Halle Saale um 1900
Halle about 1900


Halle's early history is connected with the harvesting of salt. The name Halle reflects early Celtic settlement given that halen is the Brythonic (Welsh/Breton) word for salt (cf. salann in Irish). The name of the river Saale also contains the Germanic root for salt, and salt-harvesting has taken place in Halle since at least the Bronze Age (2300–600 BC).

The Latin name Hala Saxonum was also used.[2]

From 1965 to 1995, the official name was Halle/Saale.

Middle Ages until industrialisation

The earliest documented mention of Halle dates from AD 806. It became a part of the Archbishopric of Magdeburg in the 10th century and remained so until 1680, when Brandenburg-Prussia annexed it together with Magdeburg as the Duchy of Magdeburg, while it was an important location for Martin Luther's Reformation in the 16th century. Cardinal Albert of Mainz (Archbishop of Magdeburg from 1513 to 1545) also impacted on the town in this period. According to historic documents, the city of Halle became a member of the Hanseatic League at least as early as 1281.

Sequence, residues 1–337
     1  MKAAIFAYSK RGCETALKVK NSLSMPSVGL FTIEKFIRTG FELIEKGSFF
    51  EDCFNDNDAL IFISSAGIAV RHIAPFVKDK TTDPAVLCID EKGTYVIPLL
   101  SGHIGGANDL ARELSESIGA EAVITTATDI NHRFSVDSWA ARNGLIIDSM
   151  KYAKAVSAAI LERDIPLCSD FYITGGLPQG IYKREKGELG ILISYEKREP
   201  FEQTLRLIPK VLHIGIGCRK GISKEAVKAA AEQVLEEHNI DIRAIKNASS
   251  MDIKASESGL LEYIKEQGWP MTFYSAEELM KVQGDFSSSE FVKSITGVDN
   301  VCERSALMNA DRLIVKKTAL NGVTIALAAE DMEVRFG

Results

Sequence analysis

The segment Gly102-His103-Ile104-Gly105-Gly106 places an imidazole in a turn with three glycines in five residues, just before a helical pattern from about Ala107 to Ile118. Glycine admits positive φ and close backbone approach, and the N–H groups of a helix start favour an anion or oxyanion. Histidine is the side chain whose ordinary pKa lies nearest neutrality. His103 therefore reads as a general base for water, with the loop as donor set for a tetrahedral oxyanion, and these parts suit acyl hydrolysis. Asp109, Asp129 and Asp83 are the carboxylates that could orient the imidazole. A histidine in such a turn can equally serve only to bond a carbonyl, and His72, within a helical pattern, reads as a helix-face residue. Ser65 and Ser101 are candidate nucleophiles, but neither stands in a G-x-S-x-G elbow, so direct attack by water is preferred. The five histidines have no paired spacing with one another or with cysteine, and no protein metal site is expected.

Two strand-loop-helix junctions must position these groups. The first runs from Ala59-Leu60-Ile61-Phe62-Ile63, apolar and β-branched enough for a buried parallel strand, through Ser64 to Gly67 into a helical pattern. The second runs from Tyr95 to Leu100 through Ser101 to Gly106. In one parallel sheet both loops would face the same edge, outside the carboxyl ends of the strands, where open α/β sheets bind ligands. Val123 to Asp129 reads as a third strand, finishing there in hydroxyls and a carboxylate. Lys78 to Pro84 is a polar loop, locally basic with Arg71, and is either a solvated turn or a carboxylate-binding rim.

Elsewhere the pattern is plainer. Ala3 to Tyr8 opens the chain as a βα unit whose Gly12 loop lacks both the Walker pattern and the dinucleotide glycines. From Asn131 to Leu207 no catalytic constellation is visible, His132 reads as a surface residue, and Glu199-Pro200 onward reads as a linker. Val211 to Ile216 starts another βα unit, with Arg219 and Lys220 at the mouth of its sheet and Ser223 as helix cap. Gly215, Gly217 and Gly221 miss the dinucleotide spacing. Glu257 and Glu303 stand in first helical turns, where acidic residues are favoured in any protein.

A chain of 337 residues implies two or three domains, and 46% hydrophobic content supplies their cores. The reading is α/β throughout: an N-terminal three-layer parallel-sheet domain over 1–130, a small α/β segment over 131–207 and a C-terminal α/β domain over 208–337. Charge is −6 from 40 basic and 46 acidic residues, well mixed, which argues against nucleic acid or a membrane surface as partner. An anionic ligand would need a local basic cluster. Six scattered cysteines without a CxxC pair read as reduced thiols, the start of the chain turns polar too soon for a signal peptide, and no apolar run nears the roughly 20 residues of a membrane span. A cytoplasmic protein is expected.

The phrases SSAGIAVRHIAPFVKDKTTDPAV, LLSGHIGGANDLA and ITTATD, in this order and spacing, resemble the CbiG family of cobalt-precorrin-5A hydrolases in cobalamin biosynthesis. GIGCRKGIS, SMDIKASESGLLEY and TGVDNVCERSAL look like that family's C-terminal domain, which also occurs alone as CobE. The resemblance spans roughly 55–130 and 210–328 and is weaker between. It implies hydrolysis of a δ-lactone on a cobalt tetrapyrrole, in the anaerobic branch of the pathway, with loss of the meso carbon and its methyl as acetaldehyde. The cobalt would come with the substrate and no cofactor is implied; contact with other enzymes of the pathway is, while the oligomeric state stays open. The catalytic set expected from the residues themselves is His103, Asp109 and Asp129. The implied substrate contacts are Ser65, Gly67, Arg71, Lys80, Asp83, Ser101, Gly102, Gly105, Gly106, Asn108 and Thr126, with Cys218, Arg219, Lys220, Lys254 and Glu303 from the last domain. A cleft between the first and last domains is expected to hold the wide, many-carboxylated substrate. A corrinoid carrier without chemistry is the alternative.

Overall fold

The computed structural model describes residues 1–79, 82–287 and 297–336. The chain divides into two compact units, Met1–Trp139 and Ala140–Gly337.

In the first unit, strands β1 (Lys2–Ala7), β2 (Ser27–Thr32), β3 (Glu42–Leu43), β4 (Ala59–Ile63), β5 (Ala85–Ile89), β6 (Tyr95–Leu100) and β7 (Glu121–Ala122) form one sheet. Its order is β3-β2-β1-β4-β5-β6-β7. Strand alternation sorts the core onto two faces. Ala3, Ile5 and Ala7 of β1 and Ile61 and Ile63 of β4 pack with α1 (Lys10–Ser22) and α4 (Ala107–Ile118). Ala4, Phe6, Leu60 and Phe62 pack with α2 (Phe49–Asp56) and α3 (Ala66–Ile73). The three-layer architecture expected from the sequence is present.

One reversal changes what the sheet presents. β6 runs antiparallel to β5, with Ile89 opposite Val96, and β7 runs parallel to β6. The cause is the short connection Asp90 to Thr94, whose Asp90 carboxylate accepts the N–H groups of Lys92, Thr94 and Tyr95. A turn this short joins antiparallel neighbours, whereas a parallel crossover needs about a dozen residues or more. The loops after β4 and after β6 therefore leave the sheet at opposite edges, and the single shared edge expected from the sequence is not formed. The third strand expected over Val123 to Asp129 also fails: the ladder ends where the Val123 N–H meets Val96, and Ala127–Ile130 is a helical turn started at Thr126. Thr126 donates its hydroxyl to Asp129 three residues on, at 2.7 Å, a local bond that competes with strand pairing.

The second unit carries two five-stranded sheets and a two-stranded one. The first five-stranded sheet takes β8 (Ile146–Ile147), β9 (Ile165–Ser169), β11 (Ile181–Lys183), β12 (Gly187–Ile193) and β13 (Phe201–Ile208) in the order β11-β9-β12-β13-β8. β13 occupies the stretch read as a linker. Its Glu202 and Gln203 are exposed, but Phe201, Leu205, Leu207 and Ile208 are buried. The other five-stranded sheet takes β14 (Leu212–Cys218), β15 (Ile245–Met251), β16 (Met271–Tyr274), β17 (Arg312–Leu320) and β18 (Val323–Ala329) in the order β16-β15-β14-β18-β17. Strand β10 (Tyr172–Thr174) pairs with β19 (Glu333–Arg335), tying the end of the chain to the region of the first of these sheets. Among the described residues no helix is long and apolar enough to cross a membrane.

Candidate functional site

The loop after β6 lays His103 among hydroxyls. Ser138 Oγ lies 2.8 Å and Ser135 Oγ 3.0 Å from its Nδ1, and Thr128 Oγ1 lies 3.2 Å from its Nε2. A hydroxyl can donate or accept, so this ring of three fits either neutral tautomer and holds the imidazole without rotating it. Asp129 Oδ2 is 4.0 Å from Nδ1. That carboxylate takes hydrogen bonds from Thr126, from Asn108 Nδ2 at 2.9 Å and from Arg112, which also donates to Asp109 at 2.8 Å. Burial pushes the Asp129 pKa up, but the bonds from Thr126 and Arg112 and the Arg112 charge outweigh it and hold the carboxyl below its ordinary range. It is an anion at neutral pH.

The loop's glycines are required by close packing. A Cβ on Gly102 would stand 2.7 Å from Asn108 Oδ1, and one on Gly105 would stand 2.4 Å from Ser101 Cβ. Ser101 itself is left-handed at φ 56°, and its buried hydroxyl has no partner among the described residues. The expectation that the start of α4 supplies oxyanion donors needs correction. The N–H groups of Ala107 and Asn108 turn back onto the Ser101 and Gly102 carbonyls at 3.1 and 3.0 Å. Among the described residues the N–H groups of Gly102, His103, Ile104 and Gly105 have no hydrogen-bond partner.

Halle became a center for Pietism, a movement encouraged by King Frederick William I of Prussia (reigned 1713-1740) because it caused the area's large Lutheran population to be more inclined to Fredrick William I's religion (Calvinism), as well as more loyal to the Prussian king instead of to the decentralized feudal system. By the 1740s Halle had established many orphanages as well as schools for the wealthy in the sober style Pietism encouraged. This Halle education was the first time the "modern education" system was established. The Halle Pietists also combated poverty.[3]